LOPEZ, Mario Ivan

Position: Associate Professor

MAIL: marioivanlopez [at] cseas.kyoto-u.ac.jp

Research Department

Global Humanosphere Studies


Cultural Anthropology, Southeast Asian Studies, Migration Studies, Indicators Research

Research Interests

Humanosphere Potentiality Index Research
Transnational Migration and Care in Super-aging societies

Humanosphere Potentiality Index Research
Since 2007, researchers at CSEAS and other Japanese universities have worked on developing the Humanosphere Potentiality Index (HPI). The index addresses the co-existence of environmental sustainability and the welfare of human beings, based on an analytical framework named the humanosphere and demonstrates the significance of tropical countries for global sustainability. This led to the development of a publicly accessible online database. At present, I work with a group of researchers based in Kyoto university and other Japanese universities, through a scaling down analysis to focus on Monsoon Asia. It is hoped that this will produce a detailed comparative empirical study through a focus on India, the Philippines, Japan and Ethiopia. This research will offer a deeper breakdown of environmental sustainability within nations and present a richer and more dynamic approach to employ across others.

Transnational Migration and Care in Super-aging societies
I have continued to work on a project examing the transnational flow of nurses and care workers from the Asia Pacific region to others in response to the demand for care workers and nurses in and for rapidly aging societies. I have worked on a comparative project comparing regional nursing systems as part of an effort to provide a policy response to reformulating the Japanese government’s current mechanism for accepting nurses and care givers from Southeast Asia. This has worked toward offering policy suggestions to Japanese ministries involved in managing care-workers and nurses accepted from the Philippines, Indonesia and other nations. In order to provide examples for creating a more flexible inter-regional “win-win” scheme in managing the flows of skilled labor, I have focused on Europe’s infrastructure for circulating skilled migrant labor on three levels. 1. On countries which are E.U. members and allow for the free movement of labor. 2. On countries which are in the E.U. but place restrictions depending on the political and market needs for skilled labor. 3. On countries which are outside of the E.U. but free to accept and send skilled labor both within the region and accept from outside of it.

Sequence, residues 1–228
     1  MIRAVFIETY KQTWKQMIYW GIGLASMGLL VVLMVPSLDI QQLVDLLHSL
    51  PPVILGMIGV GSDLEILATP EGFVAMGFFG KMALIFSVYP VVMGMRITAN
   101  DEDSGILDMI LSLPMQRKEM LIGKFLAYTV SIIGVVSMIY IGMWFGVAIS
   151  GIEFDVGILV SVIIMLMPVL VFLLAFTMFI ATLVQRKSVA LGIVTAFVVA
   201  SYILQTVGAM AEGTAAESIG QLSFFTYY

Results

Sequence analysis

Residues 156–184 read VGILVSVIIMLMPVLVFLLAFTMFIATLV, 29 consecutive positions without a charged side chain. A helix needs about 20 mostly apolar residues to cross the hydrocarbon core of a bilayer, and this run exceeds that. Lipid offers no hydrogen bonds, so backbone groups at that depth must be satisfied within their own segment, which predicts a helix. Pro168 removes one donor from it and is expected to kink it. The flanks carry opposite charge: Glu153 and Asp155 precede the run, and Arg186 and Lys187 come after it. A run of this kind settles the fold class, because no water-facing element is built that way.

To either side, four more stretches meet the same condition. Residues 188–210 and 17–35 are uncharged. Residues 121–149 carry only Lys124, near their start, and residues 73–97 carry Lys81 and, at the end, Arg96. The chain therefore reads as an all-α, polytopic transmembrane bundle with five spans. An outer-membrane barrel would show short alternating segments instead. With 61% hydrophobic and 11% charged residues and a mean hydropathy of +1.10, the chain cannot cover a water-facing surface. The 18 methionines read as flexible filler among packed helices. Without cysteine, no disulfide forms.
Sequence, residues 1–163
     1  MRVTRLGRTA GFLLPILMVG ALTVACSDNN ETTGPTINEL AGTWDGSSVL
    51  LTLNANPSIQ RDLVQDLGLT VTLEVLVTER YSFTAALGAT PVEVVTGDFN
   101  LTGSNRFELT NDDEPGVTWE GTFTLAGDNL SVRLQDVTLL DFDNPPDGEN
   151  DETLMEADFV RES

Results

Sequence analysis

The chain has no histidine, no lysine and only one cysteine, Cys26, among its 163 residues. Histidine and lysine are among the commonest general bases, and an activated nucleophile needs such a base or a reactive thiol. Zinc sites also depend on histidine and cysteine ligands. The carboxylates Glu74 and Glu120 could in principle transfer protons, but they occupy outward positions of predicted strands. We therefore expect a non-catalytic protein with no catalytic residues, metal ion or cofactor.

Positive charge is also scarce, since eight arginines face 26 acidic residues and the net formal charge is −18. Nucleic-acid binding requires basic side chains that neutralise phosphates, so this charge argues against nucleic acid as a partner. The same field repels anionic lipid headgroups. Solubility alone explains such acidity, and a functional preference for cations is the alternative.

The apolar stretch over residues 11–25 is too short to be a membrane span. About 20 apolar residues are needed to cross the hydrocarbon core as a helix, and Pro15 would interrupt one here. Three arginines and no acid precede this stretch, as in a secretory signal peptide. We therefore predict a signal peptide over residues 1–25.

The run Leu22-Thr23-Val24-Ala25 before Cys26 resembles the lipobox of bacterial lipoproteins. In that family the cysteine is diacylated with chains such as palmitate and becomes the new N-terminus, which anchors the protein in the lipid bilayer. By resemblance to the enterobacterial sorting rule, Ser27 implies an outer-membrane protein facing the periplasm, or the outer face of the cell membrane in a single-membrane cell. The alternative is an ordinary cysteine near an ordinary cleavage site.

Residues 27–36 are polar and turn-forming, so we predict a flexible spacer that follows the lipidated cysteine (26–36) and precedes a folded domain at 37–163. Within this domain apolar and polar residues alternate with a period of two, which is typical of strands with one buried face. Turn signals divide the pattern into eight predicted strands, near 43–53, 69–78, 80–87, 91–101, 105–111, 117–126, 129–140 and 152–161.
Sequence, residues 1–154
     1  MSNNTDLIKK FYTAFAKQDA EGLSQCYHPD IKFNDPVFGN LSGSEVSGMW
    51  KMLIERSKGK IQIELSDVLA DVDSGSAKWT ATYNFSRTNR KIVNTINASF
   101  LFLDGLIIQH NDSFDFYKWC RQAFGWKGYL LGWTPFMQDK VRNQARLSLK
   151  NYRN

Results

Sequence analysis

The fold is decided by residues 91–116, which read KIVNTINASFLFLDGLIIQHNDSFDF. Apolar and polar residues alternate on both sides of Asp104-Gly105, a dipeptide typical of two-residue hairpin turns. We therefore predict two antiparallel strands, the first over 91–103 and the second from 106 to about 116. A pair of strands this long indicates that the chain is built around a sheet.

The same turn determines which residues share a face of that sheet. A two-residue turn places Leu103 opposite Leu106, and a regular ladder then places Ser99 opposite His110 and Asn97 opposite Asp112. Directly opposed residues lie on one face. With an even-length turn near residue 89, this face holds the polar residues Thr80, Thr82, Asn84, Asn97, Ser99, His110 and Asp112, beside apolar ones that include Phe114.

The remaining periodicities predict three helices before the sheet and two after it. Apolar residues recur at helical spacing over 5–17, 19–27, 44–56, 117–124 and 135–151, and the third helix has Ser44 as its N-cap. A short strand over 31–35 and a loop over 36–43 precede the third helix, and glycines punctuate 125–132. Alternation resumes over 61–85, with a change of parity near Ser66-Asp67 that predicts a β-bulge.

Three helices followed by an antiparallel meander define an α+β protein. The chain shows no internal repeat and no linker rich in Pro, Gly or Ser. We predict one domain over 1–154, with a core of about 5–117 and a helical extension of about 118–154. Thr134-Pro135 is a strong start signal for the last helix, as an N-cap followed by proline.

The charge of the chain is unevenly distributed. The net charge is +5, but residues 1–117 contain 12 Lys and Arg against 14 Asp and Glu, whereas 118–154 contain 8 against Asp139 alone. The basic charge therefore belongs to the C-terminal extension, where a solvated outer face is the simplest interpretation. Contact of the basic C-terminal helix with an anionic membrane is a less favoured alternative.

Ultimately, based on observations of the regulatory mechanisms in place in the E.U., along with other research members, I hope to provide specific suggestions for the consideration of an ASEAN + Japan mechanism; one that can flexibly respond to the labor market’s needs for highly skilled health care personnel attuned to the current political and social conditions of Japan and the sending and receiving nations.



  • Shinsuke Tomita, Mario Ivan Lopez, and Yasuyuki Kono. 2018. The Role of Small-Scale Farming in Familial Care: Reducing Work Risks Stemming from the Market Economy in Northeast Thailand. International Journal of Social Quality. 8(1): 88–109.
  • Mario Ivan Lopez, Jafar Suroyomenggolo. (2018). Introduction: Environmental Resources Use and Challenges in Contemporary Southeast Asia (pp 1-18). In Environmental Resources Use and Challenges in Contemporary Southeast Asia: Tropical Ecosystems in Transition. 255 pp. Asia in Transition Series: Springer Academic.



  • Translation. Shimizu, Hiromu. 2017. Reflections on the “Anthropology of Response-ability” through Engagement: A Long and Winding Road from Fieldwork to Ethnography, Commitment and Beyond. 11th JASCA Award Lecture 2016. Japanese Review of Cultural Anthropology. 18(1):6-36.
  • Lopez, Mario. 2017. The Visual Documentary Project. IIAS Newsletter, No. 77:41.



  • Takahiro Sato, Mario López, Taizo Wada, Shiro Sato, Makoto Nishi, and Kazuo Watanabe. 2016.
    Humanosphere Potentiality Index Appraising Existing Indicators from a Long-term Perspective. International Journal of Social Quality 6(1): 32-66.
  • Translation. Hamamoto, Mitsuru. 2016. Lethal Narratives and Anthropological Knowledge; Circulation of Narratives around the Death of a Promising Kenyan Youth. 2015 10th JASCA Award Lecture. 2015. Japanese Review of Cultural Anthropology. 17(1):3-27.



  • Mario Lopez, Ohno Shun. 2015. Acceptance of Migrant Nurses in Germany: Examining the “Triple Win Project” In Nursing in Japan and Asia: The Experience of Sending and Receiving Countries of Nurses through the Economic Partnership Agreements. Psyche & Culture. Vol 14(2): 123-131.




  • Visual Documentary Project  https://vdp.cseas.kyoto-u.ac.jp/en/

    The Visual Documentary Project (VDP)was set up in 2012 to make use of visual forms of expression and documentaries to complement academic literature on Southeast Asian societies, promote the richness of cultures in the region and build bridges between academia and documentary filmmakers. Since 2012, it has featured documentaries from and by Southeast Asian filmmakers on contemporary issues in the region, such as urban life, politics and everyday life, human flows, people and nature, and care and aging and urban life. Since 2014, the Japan Foundation Asian Center has been a partner in organizing this event.

  • Interview: Kyoto University ASEAN Center
  • Interview: Dr. Mario Ivan Lopez introduces the 2014 Visual Documentary Project “People and Nature in Southeast Asia” (Kyoto University)
  • Interview: 2018. Searching for Southeast Asia’s Future from the perspective of Anthropology. Kurenai 33: 9-12. (in Japanese)